After my recent post covering Nicholas Carr's presentation at the IDC conference, I received a comment from Jon Collins voicing extreme skepticism that the transformation Carr talked about (and I agreed with) was, in fact, underway.
One of the fun parts of being on the front lines of what's going on in the data centers these days is having a pretty interesting set of data points that a lot of other folks don't have. When faced with questions like Jon's or even the more basic, "What's really going on out there with cloud computing?" I always go back to what our customers and prospects are saying.
So, while sitting in on customer meetings with the Cassatt sales team over the past few weeks, I began writing down a lot of what I was hearing and putting it into general buckets of responses. I'll share some of the more interesting ones here (leaving out confidential stuff, of course) with the hope of providing some direct, unvarnished views into what's happening.
I'll let you be the judge, but from the list of questions I gathered, I think people may be farther along than many think.
One caveat before I start: Cassatt talks to end users about ways to make their data centers more efficient. The way we can help them do that is to create a cloud-like environment inside their data center’s four walls, using their existing physical and virtual servers, networks, and other infrastructure resources – all managed by policies they set. We call that an internal or private cloud. A lot of other people do, too (see Gartner’s Tom Bittman or James Urquhart, to name two). As a result, the things people ask us about are generally in the context of internal cloud computing, and not much about external cloud services. So, don't expect me to make any sweeping generalizations about the external cloud part of the market; we're not getting good data about that. Instead, this should provide some real and specific insights into customers' thinking about internal clouds.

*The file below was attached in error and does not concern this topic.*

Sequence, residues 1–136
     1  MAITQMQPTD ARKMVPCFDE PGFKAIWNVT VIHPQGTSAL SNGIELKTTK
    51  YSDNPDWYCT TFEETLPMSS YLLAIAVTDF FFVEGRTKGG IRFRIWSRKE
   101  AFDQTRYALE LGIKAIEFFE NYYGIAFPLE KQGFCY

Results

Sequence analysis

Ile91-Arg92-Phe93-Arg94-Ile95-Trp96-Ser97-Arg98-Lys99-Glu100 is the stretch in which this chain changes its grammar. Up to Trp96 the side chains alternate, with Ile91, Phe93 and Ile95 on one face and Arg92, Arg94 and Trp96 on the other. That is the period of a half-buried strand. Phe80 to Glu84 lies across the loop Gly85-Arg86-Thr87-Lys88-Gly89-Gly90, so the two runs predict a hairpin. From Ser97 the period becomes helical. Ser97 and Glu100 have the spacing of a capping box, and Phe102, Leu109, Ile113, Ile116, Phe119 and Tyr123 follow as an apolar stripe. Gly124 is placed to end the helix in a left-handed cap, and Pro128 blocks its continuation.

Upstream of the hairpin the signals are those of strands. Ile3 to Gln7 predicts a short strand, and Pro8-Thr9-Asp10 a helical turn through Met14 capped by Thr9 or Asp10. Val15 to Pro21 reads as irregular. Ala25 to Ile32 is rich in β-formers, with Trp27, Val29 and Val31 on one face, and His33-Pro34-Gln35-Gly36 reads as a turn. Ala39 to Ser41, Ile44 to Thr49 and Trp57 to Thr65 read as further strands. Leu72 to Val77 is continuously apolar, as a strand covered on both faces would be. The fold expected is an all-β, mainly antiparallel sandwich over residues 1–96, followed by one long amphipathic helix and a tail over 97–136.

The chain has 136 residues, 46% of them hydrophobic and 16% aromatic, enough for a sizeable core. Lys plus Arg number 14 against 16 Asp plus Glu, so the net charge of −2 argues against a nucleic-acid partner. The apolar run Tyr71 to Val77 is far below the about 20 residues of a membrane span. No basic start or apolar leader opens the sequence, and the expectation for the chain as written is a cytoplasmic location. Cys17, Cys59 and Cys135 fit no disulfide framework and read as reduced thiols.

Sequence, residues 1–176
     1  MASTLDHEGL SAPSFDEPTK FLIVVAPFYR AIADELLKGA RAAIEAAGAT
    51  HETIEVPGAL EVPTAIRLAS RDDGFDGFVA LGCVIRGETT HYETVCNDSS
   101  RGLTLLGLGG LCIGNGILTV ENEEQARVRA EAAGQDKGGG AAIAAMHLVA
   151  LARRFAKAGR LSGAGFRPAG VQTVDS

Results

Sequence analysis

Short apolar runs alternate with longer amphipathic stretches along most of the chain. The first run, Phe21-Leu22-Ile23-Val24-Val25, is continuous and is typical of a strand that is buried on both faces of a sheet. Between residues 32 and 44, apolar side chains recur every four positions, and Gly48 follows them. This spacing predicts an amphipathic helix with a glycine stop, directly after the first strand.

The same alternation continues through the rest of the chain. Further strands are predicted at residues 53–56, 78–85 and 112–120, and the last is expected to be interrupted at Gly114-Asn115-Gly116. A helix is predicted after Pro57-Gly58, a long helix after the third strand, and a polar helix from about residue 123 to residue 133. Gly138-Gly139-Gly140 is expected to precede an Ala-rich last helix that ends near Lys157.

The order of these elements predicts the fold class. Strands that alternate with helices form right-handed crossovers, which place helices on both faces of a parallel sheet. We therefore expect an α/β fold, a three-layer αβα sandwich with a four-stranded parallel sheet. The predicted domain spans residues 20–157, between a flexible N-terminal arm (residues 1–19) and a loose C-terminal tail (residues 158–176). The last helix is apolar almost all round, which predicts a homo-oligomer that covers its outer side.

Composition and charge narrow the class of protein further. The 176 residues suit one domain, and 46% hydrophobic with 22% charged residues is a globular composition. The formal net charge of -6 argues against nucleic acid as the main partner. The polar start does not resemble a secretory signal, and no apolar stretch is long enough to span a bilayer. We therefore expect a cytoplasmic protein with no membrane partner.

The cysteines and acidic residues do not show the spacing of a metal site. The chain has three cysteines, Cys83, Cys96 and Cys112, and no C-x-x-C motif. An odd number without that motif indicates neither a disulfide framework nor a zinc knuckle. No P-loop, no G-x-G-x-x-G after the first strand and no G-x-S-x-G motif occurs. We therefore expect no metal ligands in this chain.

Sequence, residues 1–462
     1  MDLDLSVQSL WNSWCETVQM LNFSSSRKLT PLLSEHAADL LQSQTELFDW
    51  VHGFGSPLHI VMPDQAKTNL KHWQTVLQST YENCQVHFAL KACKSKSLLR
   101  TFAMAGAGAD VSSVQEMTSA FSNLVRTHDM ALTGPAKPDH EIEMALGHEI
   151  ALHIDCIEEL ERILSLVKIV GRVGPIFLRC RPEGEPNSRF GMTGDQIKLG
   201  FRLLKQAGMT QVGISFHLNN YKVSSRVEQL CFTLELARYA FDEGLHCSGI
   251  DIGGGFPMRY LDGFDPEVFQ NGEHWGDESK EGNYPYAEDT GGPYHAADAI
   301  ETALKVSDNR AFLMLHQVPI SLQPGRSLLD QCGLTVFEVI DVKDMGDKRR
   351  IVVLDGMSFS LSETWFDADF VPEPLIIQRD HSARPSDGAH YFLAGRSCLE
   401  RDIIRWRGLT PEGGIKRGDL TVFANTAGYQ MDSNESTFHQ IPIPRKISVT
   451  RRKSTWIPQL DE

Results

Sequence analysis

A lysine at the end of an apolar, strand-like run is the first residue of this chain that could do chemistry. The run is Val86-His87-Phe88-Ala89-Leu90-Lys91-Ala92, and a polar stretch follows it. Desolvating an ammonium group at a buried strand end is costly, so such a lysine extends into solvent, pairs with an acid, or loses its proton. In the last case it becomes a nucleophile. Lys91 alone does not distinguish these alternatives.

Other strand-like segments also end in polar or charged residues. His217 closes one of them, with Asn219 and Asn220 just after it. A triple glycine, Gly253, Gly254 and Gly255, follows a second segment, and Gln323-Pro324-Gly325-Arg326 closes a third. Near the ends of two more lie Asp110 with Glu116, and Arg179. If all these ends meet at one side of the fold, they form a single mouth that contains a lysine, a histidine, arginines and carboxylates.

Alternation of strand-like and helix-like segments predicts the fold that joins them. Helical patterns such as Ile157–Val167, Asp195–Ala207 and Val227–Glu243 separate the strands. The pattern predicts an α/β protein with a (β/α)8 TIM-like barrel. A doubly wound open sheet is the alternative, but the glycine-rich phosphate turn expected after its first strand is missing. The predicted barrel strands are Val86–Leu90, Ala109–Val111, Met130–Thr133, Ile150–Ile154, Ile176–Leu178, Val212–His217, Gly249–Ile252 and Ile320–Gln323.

As you can imagine, we get all types of questions. I grouped the ones below into a couple different categories, based upon where people are in their adoption or thinking process:
Tire-kickers: Can you tell us what a cloud is? Aren't we already doing that with virtualization?
These folks are really just trying to get their heads around what cloud computing is. They aren't close to getting anything started, but have probably heard they should investigate the topic. So, these questions are pretty basic:
"What is the difference between an internal cloud and virtualization?"
"Do I need to virtualize everything in order to create an internal cloud?"
"What are the business use cases that indicate I should look at a cloud environment rather than focus on other IT spending such as virtualization?"
"I have a data center consolidation project on the table right now. How does this internal cloud environment intersect with that?"
You'll notice some pretty basic terminology confusion, and a big tendency to compare the new cloud concepts with things they know, like virtualization, even if that comparison is not always the best one. These reminded me of the 80% of conversations that we tend to have at trade shows.
Getting their arms around it: can you explain how and when an internal cloud can be useful?
The IT folks who asked these next questions were beyond the definition stage and were generally trying to think about specific use cases, in most cases as a way to begin to put the boundaries around a particular project. That makes these questions a lot more practical than the last, because they are thinking about the internal cloud concepts in terms of their actual business needs. This group seemed to be in the brainstorming stage about what the benefits and drawbacks could be, usually focusing on the benefits. (After all, it's the benefits that make these concepts appealing, right?)
"How do I determine if an application is ideal for an internal cloud?"
"If I have a widely distributed organization where there is not a lot of centralized IT for data centers, but instead I have lots of very small data centers, server rooms, closets, etc., should I still consider an internal cloud?"
"I want to manage our internal hardware as if it were Amazon EC2 instances."
"In our development environment, we want the ability to move workloads to and from Linux and Windows environments, including across physical and virtual servers."
"We have a zero-server-growth mandate. We're trying to figure out ways to repurpose servers to get around this, and to find other ways to cut back on expenses. We're watching usage patterns on our servers, but really have no formal methodology for doing so."
Reality bites: Thinking about trade-offs and impact on current operations